Russian Invasion of Ukraine and its Impact on the West

Russia is no stranger to exploiting its influence as a superpower, having participated in a number of conflicts, namely the invasion of Afghanistan, the invasion and subsequent annexation of Ukraine’s Crimean Peninsula and now Ukraine itself. The latter has had a great impact on the global spectrum and has irreversibly deepened tensions between countries, particularly in the West.



Despite the Kremlin’s repeated denials of a forthcoming invasion, it came as no surprise when President Vladmir Putin announced his decision towards conducting a “special military operation” in Ukraine. What followed was an all-out declaration of war from the country under the façade of a military operation, breaching Ukraine’s sovereignty and consequently impacting several key stakeholders.


The United States, despite not relying much on trade with Russia, is very much involved in the current crisis between the neighbouring countries. This is primarily due to the country’s history with Russia during the Cold War and NATO’s long-lasting relations with Ukraine. According to President Biden, "It's about standing for what we believe in, for the future that we want for our world, for liberty, the right of countless countries to choose their own destiny, and the right of people to determine their own futures, or the principle that a country can't change its neighbour's borders by force.”


Ukraine being one of, if not, the only functioning democracy of the post-Soviet states is of extreme importance to the US. It gives reason to protect the country as it broadens the superpower’s sphere of influence, promoting democracy and capitalism. Russian aggression in Ukraine has prompted the US and its allies towards imposing sanctions on the country, further exasperating the global economic crisis at a time when inflation is already rising at unhealthy rates.



Biden has expressed his extreme distaste and discontent towards Russia’s violation of international law. "Putin is the aggressor. Putin chose this war. And now he and his country will bear the consequences," he said, followed by an announcement of new sanctions on top Russian banks, elites, and family members. Most recently, the US has banned all Russian oil and gas imports, stating that the move targeted "the main artery of Russia's economy." This, however, was a double-edged sword, resulting in extreme spikes in both oil and gas prices in the West.


Meanwhile, consumer giants including McDonald’s, Starbucks, Coca-Cola and many other American multinationals, in response to the war, have temporarily pulled out of Russia. Pepsi, which has a significantly greater presence in the country than its rival, has also halted production and sales in the aggressor state. It is impossible to predict when American business will continue in the country. In any case, it is unlikely that any change will occur anytime soon.


Standing alongside President Biden in the frontlines is British Prime Minister Boris Johnson and similar to the US, the constitutional monarchy has few direct economic links to Russia. However, sanctions imposed by the West have had significant impacts on the UK’s economy, which was already stricken with high rates of inflation. Although the government has not been directly involved in the military conflict, the wider ramifications of the invasion has had a profound effect on the country.



Even before Russia’s invasion of Ukraine, the UK faced alarming food prices and energy bills that have now skyrocketed. After the invasion, international oil prices went from nearly US$ 6 per barrel to more than US$ 100— levels not seen since 2014 when Crimea was annexed by Russia. Due to Russia’s dominance in the oil and gas industry— being the world’s second-biggest producer and largest exporter of natural gas, energy sanctions from the West have drastically driven energy prices up in global energy markets. Gas prices are now more than 20 times higher than they were two years ago. In addition, Ukraine’s exports have also been halted as its Black Sea ports have closed and will remain so until Russian withdrawal. This has led to a sharp rise in grain markets, resulting in the price of staple products such as bread and pasta to increase.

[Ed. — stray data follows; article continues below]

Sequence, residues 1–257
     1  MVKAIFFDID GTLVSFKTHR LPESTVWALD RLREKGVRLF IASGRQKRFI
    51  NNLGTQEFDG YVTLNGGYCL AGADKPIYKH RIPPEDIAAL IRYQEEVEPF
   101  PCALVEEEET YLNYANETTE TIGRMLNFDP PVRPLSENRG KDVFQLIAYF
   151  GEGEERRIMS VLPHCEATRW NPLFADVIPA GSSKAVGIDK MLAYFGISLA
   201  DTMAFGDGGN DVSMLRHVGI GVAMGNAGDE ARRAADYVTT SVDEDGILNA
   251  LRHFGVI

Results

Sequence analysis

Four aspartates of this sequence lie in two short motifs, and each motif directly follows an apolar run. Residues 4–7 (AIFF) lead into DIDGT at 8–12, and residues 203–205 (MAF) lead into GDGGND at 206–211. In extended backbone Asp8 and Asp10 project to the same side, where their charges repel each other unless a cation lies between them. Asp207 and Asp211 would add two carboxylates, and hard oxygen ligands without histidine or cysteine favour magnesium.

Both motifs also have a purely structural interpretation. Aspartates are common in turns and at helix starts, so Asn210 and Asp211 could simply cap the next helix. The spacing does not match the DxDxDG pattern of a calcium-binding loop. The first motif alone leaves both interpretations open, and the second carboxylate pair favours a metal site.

Britain, very much like its allies further west, is in extreme opposition to Russia. According to Prime Minister Boris Johnson in an opinion piece written for The New York Times, “Vladimir Putin’s act of aggression must fail and be seen to fail.” He later writes “It is now clear diplomacy never had a chance,” which is clear that diplomatic relations between both countries have utterly shattered. Boris recalls past instances of Putin’s ruthlessness and states how “We have failed to learn the lessons of Russian aggression.” Whilst presenting his six-point plan for Ukraine, Boris explicitly mentions strengthening NATO’s eastern flank and supporting non-NATO European countries that are at potential risk of Russian aggression, which may result in a win for the West in terms of solidifying diplomatic relations and villainizing Russia in the eyes of more countries at the same time.


As for Boris himself, after fighting for his political survival last month, some suggest that the Ukraine crisis “massively strengthens him” and provides him a crucial opportunity at reinventing himself. The war has put the brakes on attempts to remove him from his position of power, following several allegations citing instances of his irresponsibility, hypocrisy and mismanagement. Currently, the Prime Minister is playing a proactive role in supporting Ukraine, trying to broker Western action. The Prime Minister told reporters that the UK could potentially see hundreds of thousands of people come to the country, presenting the country’s efforts towards humanitarian aid.



Neighbouring the UK, Germany’s historically special diplomatic relationship with Russia has taken a blow by the latter’s escalation. The country initially had little to no response and was widely criticised for not supporting Ukraine despite pleas from the nation. Soon after, succumbing to international pressure (particularly from the West), the government reversed its ban on supplying lethal weapons to conflict zones and agreed to supply arms to Kyiv. In an effort to deter the conflict in Ukraine, German Chancellor Olaf Scholz announced his plans towards investing more than 2 percent of Germany’s GDP (US$ 113bn) in military spending due to safety concerns amid rising tensions around the region. Furthermore, Germany scrapped plans for the Nord Stream 2 pipeline project it was pursuing with Russia, receiving appreciation from Ukrainian President Zelensky. The Kremlin's move also contradicts the Minsk Protocols, a series of policies towards peacemaking between Ukraine and Russia which Scholz’s predecessor, Angela Merkel, mediated alongside France following the annexation of Crimea.